me; I was troubled, but have peace, for the chastisement of my peace was upon him ; I knew not what to do, ñor whither to cause my sorrow to go; by him have I received joy unspeakable and glorious. If I do not love him, delight in him, obey him, live to him, die for him, I am worse than the devils in hell. Now the great aim of Christ in the world, is, to have a high place and esteem in the hearts of his people; to have there (as he hath in himself), the preeminence in all things; not to be jostled up and down among other things; to be all, and in all. And thus are the saints of God prepared to esteem him, upon the engaging themselves to this communion with him.

Ob. Yea, but you will say, If this be so, what need we to repent, or amend our ways; it is but going to Christ by faith,

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making this exchange with him, and so we may sin that grace may abound?

Ans. I judge no man's person; but this I must needs say, that I do not understand, how a man that makes this objection in cold blood, not under a temptation or accidental darkness, can have any true or real acquaintance with Jesus Christ; however, this I am certain of, that this communion in itself, produces quite other effects, than those supposed. For,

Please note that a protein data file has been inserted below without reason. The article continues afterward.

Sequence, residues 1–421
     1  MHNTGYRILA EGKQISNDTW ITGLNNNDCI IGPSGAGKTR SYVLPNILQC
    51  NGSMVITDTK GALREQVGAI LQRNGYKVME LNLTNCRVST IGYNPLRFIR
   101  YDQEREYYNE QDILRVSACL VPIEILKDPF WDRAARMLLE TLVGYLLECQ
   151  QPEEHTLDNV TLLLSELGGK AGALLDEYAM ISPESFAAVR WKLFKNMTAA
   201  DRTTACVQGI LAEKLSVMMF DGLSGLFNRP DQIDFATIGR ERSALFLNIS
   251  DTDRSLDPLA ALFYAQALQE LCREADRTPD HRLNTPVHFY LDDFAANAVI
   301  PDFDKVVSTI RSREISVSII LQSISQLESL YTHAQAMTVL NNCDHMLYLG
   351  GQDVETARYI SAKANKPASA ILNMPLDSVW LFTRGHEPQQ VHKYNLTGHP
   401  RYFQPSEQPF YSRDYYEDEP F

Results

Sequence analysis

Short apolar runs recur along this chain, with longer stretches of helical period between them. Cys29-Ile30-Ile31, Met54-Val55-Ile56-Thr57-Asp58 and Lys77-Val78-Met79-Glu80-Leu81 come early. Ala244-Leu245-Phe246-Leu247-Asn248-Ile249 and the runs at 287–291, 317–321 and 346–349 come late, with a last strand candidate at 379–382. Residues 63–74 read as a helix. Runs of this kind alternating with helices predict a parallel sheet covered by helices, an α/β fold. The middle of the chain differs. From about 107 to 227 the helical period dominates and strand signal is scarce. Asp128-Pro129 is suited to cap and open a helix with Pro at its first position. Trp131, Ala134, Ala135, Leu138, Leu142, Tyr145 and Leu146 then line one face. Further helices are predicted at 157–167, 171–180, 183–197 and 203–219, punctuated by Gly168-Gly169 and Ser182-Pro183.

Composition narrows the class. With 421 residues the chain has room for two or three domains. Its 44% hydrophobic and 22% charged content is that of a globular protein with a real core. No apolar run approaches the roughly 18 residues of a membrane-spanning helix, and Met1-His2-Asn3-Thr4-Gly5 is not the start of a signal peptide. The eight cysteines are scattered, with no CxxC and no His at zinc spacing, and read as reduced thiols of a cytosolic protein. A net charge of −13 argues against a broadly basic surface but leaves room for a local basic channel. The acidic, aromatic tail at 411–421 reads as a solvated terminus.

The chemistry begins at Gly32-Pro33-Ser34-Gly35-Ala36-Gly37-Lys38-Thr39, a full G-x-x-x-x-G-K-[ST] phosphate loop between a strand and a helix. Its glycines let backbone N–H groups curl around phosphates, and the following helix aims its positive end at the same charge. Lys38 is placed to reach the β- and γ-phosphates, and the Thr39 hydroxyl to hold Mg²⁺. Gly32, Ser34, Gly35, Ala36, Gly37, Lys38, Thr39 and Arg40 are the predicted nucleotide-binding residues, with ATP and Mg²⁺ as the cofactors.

(1.) For repentance. It is, I suppose, a gospel repentance that is intended. For a legal bondage, repentance full of dread, amazement, terror, self-love, astonishment at the presence of God, I confess this communion takes it away, prevents it, casts it out, with its bondage and fear; but for gospel repentance, whose nature consists in godly sorrow for sin, with its relinquishment, proceeding from faith, love, and abhorrency of sin, on account of Father, Son, and Spirit, both law, and love, that this should be hindered by this communion, is not possible. I told you that the foundation of this communion is laid in a deep, serious, daily consideration of sin, its guilt, vileness, and abomination, and our own vileness on that account; that a sense hereof is to be kept alive in and upon the heart of every one, that will enjoy this communion with Christ; without it Christ is of no value nor esteem to him. Now is it possible that a man should daily fill his heart with the thoughts of the vileness of sin, on all considerations whatever, of law, love, grace, gospel, life, and death, and be filled with self-abhorrency on this account, and yet be a stranger to godly sorrow? Here is the mistake, the foundation of this communion is laid in that, which they suppose it overthrows.